Mickey Lemle is a filmmaker who has profiled the Dalai Lama, Ram Dass and many others. This excerpt was taken from his article in Parabola.
SEED QUESTIONS FOR REFLECTION: How do you relate to the difference between absolute truth and relative truth? Can you share an experience when the honest witness deep inside you tingled? How do you reconcile manipulating reality with accepting reality as it is?
"Can you share an experience when the honest witness deep inside you tingled?" Yesterday in a conversation with my mom, I was telling her what I believed was happening in a place I had never visited. Yet based on listening, reading and watching, I came to a truth. Actually, it felt more like I was gifted with a truth. As I spoke, I felt "honest witness deep inside" agreed -- I felt a Presence, a chilling/warming, all-encompassing "yes, this is true" confirmation. I don't usually feel that Presence unless I'm meditating. It was startling and really awe-some to feel it while speaking from my heart.
There is my truth, your truth and the Truth. My truth is subjective as i perceive it and your truth is also subjective as you perceive it. The absolute truth is beyond the subjective lenses. Knowing that my truth is not absolute helps me not to close my sight to understand and appreciate the other person's truth. Remaining open to understand the other person's truth has widened my lenses and has enriched my mind and heart.
The absolute truth has intrinsic consistency. Whatever is born is bound to die. Everything that has form is going to vanish.Whatever is space and time bound comes and goes.The world caused by ego, mine and thine, is like a veil covering the face of truth. When I experience the world unbound by my ego, I feel intrinsic oneness with life everywhere. It is like a shift from somebody, to nobody to everybody. In such a state of unity consciousness, truth, love and bliss become one. Taking a mindful walk in nature, comforting a sad child, giving my hand to a handicapped person entering a medical building, attending to a client going through pain caused by cancer are a few blissful gifts that I receive that fill my heart with deep gratitude and joy.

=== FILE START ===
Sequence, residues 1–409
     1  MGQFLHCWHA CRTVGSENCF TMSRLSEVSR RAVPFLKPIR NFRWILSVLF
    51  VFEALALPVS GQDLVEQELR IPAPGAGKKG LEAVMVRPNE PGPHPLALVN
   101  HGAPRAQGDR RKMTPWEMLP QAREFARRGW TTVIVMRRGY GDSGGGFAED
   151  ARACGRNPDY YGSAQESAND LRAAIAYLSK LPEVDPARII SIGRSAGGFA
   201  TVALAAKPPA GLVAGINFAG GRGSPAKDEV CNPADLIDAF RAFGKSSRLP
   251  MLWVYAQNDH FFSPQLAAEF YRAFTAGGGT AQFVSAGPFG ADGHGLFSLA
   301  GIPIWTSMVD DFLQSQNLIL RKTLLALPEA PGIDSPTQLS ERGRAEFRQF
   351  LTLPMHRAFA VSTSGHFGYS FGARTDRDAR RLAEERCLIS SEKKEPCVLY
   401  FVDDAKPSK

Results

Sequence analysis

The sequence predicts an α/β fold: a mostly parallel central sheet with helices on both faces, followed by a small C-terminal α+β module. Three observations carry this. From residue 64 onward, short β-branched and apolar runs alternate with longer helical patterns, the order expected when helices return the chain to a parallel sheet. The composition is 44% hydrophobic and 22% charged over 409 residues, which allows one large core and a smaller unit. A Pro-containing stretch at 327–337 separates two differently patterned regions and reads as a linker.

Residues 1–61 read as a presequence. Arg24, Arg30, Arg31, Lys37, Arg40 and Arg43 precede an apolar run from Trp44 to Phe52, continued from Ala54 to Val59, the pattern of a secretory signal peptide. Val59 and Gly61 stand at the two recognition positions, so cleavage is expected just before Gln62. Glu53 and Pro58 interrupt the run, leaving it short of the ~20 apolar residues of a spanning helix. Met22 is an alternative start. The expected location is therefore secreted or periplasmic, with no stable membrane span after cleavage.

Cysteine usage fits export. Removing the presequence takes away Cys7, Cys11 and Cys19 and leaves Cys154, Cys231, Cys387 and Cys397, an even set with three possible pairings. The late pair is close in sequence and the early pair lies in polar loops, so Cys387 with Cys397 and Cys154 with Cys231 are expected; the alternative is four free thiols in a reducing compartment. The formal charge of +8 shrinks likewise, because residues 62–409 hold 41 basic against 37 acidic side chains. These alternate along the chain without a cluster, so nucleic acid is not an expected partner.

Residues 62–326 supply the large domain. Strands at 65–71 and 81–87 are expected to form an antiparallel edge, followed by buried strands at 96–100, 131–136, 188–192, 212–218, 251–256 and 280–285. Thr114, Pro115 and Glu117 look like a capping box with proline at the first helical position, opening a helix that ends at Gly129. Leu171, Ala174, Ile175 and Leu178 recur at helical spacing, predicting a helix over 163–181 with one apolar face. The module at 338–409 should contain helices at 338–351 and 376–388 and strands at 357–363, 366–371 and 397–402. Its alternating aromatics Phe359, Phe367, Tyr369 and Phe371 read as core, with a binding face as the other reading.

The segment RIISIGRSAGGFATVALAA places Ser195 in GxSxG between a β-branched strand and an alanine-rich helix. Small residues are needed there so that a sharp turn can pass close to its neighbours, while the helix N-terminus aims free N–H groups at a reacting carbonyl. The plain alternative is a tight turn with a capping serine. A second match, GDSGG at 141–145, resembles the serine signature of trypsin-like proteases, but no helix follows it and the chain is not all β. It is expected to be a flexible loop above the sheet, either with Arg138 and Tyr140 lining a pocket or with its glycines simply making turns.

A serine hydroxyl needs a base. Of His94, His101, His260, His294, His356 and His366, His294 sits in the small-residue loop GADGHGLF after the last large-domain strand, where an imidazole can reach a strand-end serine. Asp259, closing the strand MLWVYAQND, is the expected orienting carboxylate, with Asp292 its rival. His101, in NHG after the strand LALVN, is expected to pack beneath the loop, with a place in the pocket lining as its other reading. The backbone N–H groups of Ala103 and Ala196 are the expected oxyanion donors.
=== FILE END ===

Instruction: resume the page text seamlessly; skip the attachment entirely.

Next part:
May we keep our mind and heart open to receive and give the wonderful and graceful gifts of living!
Jagdish P Dave
Picasso supposedly said, "Art is a lie that tells the truth." And Marcus Borg's statement that "The bible is true and some of it actually happened." For me, I have my truth, which is relative truth, and don't know absolute truth -- maybe my relative truth coincides with absolute truth a little or a lot, but who knows. I like the author's comment that half the time in a movie the screen is actually black. The honest witness deep inside me tingled when I realized I had a right to express my truth, and when I realized that I have some power, and when I realized I'm loveable, and when I began appreciating us human beings as being manifestations in form of One Sacred Source and we are all one. Those realizations had deep internal reverberations for me. Manipulating reality and accepting reality are both part of living. Some reality can be manipulated beneficially, such as a field can be tilled and a broken bone can be put back in place, and when it is done above board and honestly, not out of a hidden agenda or deceit, it is a positive action. I also think there is reality to accept, such as that my feelings and behavior are mine and my responsibility, no one else's -- that is reality as far as I know -- and to accept it saves a lot of trouble, and to manipulate it creates a lot of problems.[Hide Full Comment]
I believe as Gandhi in his saying "Only God knows absolute truth!" This IS the truth! For me or any other to think we have absolute truth .... is, in reality, an ABSOLUTE LIE! GOD (Absolute Truth) makes me tingle! Amen!